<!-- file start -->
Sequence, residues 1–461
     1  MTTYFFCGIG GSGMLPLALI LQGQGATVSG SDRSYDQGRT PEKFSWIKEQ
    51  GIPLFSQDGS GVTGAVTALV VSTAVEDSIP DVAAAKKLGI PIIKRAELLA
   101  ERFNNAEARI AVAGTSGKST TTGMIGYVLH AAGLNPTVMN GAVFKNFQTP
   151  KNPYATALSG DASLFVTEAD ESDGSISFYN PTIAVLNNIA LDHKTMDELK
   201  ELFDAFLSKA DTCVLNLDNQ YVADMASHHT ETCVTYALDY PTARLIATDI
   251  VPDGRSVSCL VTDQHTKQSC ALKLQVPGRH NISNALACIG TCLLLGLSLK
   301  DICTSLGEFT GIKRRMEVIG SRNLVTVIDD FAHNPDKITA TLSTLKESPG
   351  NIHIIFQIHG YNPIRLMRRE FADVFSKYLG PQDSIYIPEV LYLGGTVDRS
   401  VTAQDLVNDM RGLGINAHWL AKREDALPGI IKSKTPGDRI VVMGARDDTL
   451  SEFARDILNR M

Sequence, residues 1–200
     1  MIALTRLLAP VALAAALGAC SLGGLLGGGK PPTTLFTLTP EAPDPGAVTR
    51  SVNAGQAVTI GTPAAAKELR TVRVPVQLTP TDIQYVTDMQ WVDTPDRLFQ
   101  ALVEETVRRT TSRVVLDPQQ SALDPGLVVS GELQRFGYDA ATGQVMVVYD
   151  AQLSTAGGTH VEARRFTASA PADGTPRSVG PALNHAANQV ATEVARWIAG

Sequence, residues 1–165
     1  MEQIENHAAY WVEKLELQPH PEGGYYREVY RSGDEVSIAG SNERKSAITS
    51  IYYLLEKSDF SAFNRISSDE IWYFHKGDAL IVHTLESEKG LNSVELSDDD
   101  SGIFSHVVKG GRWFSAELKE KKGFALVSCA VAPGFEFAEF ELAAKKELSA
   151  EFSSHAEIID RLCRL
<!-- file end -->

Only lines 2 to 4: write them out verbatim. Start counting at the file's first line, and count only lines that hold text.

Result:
     1  MTTYFFCGIG GSGMLPLALI LQGQGATVSG SDRSYDQGRT PEKFSWIKEQ
    51  GIPLFSQDGS GVTGAVTALV VSTAVEDSIP DVAAAKKLGI PIIKRAELLA
   101  ERFNNAEARI AVAGTSGKST TTGMIGYVLH AAGLNPTVMN GAVFKNFQTP